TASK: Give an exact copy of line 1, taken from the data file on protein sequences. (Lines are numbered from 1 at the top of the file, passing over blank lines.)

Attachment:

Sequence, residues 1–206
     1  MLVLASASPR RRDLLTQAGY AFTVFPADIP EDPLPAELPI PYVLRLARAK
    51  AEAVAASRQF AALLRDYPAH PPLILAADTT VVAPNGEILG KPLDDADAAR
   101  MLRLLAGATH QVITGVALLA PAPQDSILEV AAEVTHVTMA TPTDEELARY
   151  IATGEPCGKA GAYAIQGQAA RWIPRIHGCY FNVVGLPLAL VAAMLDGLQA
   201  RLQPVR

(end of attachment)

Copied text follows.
Sequence, residues 1–206